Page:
Vietnam censors battle bloggers Favorite 

Practitioner: 

Date: 

May 9 2012

Location: 

Hanoi, Vietnam

From New 24
By SAPA

Hanoi - When riot police broke up a recent protest over a forced
eviction, Vietnam's bloggers were ready - hidden in nearby trees, they
documented the entire incident and quickly posted videos and photos
online.

Their shaky images spread like wildfire on Facebook, in a
sign of growing online defiance in Vietnam, in the face of efforts by
authorities to rein in the country's internet community.

"They
follow me, they keep track of what I am writing; they keep track of all
dissident bloggers. Anything they can do to harass us, they do," said
blogger Nguyen Thi Dung, one of several bloggers who publicised the 24
April Hung Yen unrest on a variety of websites.

"They have many
people browsing the net, reporting things they don't like, getting them
taken down. It is a perfect copy of what the Chinese are doing on the
internet," she said, asking that her name be changed for her safety.

Authoritarian
Vietnam, classed an "enemy of the internet" by Reporters Without
Borders, is drafting a new decree on online content in a bid to clamp
down on the country's increasingly bold blogosphere.

Chilling threat

The
60-article draft decree - a translated copy of which was obtained by
AFP - bans "abusing the internet" to oppose the government.

It
would force bloggers to post real names and contact details, make news
websites obtain government approval to publish, and compel site
administrators to report any banned online activity to authorities.

The
decree also seeks to make foreign companies that provide online
services in Vietnam - like Facebook and Google - co-operate with the
government and could force them to locate data centres and offices in
the country.

But while some activists and experts see a chilling
threat from the draft law, others say the government is fighting a
losing battle to police Vietnam's 30 million plus online community.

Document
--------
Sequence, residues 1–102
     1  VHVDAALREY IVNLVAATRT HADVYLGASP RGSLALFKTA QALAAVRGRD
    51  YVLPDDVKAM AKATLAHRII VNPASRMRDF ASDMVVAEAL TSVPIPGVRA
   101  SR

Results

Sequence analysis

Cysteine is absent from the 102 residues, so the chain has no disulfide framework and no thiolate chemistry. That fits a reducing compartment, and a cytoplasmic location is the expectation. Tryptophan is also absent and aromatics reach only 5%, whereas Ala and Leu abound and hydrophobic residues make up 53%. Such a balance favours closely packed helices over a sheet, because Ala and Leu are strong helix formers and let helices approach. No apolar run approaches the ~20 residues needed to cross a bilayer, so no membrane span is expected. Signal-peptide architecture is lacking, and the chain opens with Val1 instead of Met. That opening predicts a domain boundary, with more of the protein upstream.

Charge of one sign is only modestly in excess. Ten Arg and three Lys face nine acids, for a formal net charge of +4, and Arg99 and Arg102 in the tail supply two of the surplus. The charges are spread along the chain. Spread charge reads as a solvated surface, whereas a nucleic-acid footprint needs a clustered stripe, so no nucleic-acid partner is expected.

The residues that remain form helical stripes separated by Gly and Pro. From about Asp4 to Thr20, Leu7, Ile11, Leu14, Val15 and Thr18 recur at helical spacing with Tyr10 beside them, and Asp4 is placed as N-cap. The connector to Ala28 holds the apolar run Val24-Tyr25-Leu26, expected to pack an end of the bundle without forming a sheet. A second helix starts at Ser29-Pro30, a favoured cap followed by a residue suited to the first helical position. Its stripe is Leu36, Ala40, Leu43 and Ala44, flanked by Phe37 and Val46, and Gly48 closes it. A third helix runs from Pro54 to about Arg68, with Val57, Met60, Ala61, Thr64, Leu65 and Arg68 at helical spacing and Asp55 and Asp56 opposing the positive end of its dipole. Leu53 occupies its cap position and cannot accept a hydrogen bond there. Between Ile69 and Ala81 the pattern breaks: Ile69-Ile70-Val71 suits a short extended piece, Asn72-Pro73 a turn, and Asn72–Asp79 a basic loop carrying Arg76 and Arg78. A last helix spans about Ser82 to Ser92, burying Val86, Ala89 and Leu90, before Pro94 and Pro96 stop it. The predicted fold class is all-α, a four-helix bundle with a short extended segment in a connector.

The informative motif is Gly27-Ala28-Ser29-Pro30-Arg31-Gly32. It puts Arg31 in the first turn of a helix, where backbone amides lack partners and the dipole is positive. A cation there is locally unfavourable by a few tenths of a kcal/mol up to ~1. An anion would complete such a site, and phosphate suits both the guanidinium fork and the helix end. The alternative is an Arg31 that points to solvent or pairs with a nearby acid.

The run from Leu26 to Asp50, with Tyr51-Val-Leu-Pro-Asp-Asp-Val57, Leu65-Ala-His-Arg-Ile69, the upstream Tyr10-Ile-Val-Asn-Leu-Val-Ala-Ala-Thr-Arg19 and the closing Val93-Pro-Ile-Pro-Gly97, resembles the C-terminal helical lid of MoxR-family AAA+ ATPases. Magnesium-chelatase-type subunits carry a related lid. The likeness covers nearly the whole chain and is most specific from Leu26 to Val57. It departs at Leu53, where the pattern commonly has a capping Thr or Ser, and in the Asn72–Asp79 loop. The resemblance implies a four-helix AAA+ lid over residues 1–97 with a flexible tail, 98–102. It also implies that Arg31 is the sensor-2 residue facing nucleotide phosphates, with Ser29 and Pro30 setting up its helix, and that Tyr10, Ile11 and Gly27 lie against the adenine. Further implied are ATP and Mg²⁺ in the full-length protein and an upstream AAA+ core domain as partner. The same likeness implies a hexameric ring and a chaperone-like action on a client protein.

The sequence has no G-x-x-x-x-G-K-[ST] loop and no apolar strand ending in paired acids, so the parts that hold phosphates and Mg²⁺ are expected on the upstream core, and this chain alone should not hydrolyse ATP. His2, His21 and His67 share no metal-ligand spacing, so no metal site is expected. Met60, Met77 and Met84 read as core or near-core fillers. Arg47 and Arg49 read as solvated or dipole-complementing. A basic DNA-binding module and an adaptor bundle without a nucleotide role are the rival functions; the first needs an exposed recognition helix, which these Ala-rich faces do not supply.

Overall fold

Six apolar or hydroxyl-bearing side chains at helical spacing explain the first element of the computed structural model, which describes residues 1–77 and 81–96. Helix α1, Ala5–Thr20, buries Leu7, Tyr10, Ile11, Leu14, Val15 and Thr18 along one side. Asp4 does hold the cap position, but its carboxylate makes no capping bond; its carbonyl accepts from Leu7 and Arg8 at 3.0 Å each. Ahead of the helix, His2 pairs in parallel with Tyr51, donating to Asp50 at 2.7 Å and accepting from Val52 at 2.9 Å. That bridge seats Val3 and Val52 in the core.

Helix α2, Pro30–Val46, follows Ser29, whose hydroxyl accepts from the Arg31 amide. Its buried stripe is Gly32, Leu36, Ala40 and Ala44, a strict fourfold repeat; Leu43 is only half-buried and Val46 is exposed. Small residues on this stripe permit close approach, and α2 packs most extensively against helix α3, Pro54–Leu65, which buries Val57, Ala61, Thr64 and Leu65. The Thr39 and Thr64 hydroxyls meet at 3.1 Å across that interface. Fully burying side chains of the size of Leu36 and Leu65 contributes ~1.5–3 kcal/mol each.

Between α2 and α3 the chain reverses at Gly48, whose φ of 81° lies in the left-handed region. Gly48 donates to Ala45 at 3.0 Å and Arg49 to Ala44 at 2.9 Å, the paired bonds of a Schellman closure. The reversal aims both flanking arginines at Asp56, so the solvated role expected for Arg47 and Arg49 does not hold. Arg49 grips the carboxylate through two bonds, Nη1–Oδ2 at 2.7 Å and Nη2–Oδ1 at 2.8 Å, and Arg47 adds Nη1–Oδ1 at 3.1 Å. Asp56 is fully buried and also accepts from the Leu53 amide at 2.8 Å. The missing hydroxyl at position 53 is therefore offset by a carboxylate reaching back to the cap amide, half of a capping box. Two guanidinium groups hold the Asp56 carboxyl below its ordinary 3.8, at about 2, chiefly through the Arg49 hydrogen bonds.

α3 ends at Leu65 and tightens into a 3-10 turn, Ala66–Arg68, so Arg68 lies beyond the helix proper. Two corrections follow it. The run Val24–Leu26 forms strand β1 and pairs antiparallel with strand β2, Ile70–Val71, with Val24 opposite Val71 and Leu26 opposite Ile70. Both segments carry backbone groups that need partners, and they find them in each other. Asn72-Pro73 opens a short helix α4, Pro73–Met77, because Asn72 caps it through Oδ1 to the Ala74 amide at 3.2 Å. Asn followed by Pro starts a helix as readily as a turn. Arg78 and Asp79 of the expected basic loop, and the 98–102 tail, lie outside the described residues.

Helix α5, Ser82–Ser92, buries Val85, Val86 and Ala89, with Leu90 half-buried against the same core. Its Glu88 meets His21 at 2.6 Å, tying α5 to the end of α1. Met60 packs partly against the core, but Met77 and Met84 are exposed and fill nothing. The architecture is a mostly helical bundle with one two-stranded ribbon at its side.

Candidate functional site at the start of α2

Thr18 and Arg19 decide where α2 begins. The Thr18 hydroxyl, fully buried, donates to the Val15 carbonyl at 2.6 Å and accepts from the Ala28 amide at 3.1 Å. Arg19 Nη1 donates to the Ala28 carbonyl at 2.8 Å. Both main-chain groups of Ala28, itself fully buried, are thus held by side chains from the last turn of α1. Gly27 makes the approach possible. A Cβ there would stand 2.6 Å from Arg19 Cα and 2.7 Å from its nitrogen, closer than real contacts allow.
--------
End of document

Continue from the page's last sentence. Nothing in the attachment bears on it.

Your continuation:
"Any
kind of imposing of new limits will just lead to new ways of overcoming
all difficulties to get through the firewall," one blogger said on
condition of anonymity.

"People will always find new, creative
ways to access banned sites - like they already do with Facebook [which
is sporadically blocked in Vietnam] now," he said.

David Brown, a
retired US diplomat who served in several posts throughout Southeast
Asia, said the draft decree was "unenforceable".

Sensitive issues

At the worst, the decree might give authorities more explicit infractions to charge bloggers with, he said.

But
Brown said he doubted that "it will inconvenience Facebook or Google
[or] change the de facto relationship of bloggers to the government", he
said.

Internet commentators are increasingly covering sensitive
issues such as corruption, territorial disputes with China and rising
discontent over land rights, often linking up with disaffected
communities.

In the past, journalists set up blogs to spread
information not published in the mainstream press, but "the recent
phenomenon of bloggers going to the sites of land protests to cover it
virtually live is new", said Vietnam expert Carl Thayer.

Hanoi-based
Nguyen Xuan Dien's live-blogging of the Hung Yen eviction - with photos
and video of thousands of riot police evicting farmers and beating two
journalists covering the protest - quickly went viral, giving the unrest
wide coverage despite being virtually ignored in the state media.

Thayer said Vietnam's new decree is "an attempt to keep up with the times".

"[It
will] tighten the screw on internal dissidents and severely restrict
their activities by making them, as well as commercial service
providers, responsible for material broadcast or stored on the
internet," he said.

Greatest challenge

While
censorship is not new in communist Vietnam, New York-based Human Rights
Watch has said the country "intensified its repression" of dissidents in
2011.

Three high-profile bloggers, including one whose case has
been raised by US President Barack Obama, are currently awaiting trial
in Ho Chi Minh City for "propaganda against the state".

If
implemented, the new rules could "lead to more arbitrary harassment and
arrests for online postings and an overall chilling effect that results
in greater self-censorship", said HRW's Phil Robertson.

Dung agreed the new moves represent the greatest challenge so far for the country's bloggers.

"If the decree is passed it will provide the police with a very good legal framework to destroy freedom of speech," she said.

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